COLUMBUS, Ohio (AP) — The Ohio Health Department should begin releasing data on coronavirus deaths in two categories: those whose death was caused by COVID-19, and those who died of other causes but also had a positive test, the state auditor said in a report.
Not making the distinction “may lead to confusion for the layperson as to whether an individual died by COVID-19 or died with COVID-19,” said the report from office of Republican state Auditor Keith Faber.
While the state follows federal guidelines for coronavirus death reporting, some medical professionals may fill out death certificates for people who died of other causes while also testing positive for COVID 19, according to the report.
“Although inefficiencies, opportunities to improve transparency, and methods to collect better data certainly exist, the Ohio Department of Health has generally provided the public with correct information and managed Ohio’s response to the pandemic commendably,” Faber said Tuesday.
Ohio has reported more than 18,300 coronavirus deaths to date. The seven-day rolling average of daily deaths in Ohio did not increase over the past two weeks, going from 12.71 on March 8 to 7 on March 22, according to an Associated Press analysis of data provided by The COVID Tracking Project.
In February, the state said it had discovered thousands of unreported coronavirus deaths and announced a restructuring of its infectious disease division.
An outdated reporting system led to the undercount of more than 4,200 COVID-19 deaths in Ohio will now be retired, the Health Department said.
The auditor’s death reporting recommendations came the same day an Ohio court that handles public records disputes ruled that Health Department certificates listing COVID-19 as the cause of death are a public record that must be released.
The Ohio Court of Claims decision rejected arguments by the state that it doesn’t maintain the information as a “unique report” and isn’t required to provide it.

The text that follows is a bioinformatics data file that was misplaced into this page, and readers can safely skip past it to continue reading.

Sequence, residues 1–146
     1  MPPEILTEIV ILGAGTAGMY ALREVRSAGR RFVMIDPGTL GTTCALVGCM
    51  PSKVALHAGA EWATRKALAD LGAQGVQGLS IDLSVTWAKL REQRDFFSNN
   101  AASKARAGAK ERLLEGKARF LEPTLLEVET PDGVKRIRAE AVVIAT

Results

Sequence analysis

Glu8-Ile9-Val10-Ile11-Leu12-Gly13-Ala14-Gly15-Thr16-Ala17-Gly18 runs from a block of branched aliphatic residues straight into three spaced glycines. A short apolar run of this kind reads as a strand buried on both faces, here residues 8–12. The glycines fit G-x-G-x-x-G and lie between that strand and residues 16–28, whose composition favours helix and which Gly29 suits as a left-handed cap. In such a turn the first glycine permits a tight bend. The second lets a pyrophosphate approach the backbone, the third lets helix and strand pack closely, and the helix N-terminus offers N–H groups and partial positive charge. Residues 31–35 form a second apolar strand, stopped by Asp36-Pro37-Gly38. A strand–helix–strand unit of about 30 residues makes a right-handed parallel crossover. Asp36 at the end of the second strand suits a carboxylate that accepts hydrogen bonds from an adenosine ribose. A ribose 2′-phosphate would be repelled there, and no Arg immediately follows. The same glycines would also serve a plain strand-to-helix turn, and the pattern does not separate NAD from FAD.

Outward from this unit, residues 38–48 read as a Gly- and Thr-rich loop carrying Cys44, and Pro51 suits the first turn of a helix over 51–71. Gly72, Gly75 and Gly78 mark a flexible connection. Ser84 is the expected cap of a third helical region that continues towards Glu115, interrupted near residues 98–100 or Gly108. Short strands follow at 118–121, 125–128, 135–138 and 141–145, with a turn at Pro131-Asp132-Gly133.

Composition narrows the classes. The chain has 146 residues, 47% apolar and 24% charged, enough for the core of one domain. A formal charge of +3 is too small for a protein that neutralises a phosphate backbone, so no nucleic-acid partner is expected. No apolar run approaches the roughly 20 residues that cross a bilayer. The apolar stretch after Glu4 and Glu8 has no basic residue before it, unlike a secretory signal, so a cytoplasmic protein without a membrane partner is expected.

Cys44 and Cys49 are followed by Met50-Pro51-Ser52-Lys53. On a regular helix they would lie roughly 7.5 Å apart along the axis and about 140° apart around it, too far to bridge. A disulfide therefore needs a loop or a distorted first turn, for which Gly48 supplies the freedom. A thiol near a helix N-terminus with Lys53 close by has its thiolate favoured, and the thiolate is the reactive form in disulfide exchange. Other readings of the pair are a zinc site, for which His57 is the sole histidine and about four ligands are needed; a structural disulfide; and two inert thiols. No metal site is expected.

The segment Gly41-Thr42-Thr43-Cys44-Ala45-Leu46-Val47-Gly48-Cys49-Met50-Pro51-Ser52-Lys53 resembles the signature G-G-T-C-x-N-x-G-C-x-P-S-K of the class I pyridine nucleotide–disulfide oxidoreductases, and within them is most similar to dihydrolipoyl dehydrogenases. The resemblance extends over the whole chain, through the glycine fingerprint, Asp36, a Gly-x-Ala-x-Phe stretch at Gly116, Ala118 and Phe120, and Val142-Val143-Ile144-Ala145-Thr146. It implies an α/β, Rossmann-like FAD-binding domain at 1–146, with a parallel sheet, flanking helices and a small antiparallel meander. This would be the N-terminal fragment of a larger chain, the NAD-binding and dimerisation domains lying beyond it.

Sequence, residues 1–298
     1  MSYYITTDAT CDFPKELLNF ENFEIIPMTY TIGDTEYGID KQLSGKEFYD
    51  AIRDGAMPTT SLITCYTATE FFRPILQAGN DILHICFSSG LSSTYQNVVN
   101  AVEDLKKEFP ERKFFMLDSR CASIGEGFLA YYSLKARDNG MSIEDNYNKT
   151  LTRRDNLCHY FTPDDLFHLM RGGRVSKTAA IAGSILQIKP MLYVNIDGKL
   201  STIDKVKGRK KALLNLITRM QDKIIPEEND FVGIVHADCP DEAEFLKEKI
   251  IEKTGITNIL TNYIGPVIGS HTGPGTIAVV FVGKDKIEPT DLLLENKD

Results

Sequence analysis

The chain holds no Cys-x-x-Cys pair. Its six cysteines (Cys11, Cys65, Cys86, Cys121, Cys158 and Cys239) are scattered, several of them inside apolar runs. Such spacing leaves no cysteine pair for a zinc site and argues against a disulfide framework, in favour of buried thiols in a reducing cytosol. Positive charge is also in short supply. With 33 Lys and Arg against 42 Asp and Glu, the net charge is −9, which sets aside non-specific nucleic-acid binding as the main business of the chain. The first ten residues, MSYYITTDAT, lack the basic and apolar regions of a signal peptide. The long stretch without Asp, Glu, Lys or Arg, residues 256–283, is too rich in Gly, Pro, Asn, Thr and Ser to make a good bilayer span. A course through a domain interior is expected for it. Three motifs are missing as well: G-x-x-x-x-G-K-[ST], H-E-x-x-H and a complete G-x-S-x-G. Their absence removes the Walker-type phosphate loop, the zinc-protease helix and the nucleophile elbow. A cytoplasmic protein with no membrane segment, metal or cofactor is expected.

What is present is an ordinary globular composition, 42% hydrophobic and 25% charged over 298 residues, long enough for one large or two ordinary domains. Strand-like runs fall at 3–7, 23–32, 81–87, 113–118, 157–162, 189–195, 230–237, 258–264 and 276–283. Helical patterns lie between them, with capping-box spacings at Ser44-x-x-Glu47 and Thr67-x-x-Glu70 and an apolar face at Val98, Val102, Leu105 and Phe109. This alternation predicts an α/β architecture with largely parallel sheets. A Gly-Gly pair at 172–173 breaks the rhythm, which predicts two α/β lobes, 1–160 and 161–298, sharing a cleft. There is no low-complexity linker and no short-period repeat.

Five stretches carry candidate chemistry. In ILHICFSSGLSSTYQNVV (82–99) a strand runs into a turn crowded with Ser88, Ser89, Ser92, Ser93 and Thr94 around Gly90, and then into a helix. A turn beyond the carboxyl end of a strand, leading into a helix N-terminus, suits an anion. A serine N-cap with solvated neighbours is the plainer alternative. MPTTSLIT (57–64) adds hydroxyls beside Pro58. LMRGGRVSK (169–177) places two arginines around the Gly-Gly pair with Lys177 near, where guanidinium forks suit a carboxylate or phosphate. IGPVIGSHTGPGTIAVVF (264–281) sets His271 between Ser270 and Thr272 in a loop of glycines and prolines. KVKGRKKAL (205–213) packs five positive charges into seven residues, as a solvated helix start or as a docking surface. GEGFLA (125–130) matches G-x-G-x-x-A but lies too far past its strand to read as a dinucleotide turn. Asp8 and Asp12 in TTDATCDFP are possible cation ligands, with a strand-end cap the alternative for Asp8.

The Health Department claimed, “improbably during a COVID-19 pandemic,” that it isn’t programmed to release the information in that form, even though it has produced similar reports, Court of Claims special master Jeffrey Clark said Tuesday.
It doesn’t matter that the state “does not create the requested report for what it considers ‘normal’ agency purposes,” Clark said. “Responding to public records requests is a mandated ‘normal’ function of every public office.”
The ruling followed a complaint filed last year by Rosanna Miller, of Amanda in southeastern Ohio, who asked in April for a list of all deaths coded for COVID-19, and including people’s names, ages, county where the death occurred and whether an autopsy was performed.
The state initially said it could provide the data, then declined in the fall when Miller repeated her request.
In November, the state argued it was being asked to create a new record, and that Miller was asking for protected information by asking for names.
“Though some information on a death record may be public, that does not mean that all the information on the record is public,” the state argued.
The special master decision noted that Miller had previously obtained other databases of death records with individuals’ names. She could also obtain the information from local health departments at great expense and effort, just to duplicate what the state “easily provides from a database,” Clark said.
Miller, 70, retired from the computer and medical fields, says she can’t wear a mask because of breathing issues, and has been frustrated because it has prohibited her from receiving medical treatment.
Miller believes harm from pandemic health orders has outweighed the number of COVID-19 deaths, but she isn’t assuming whether the data will show state coronavirus deaths higher or lower than what’s been reported.
“What’s wrong with us seeing the data? What’s wrong with the people seeing it?” she said. “There just needs to be some checks and balances on this.”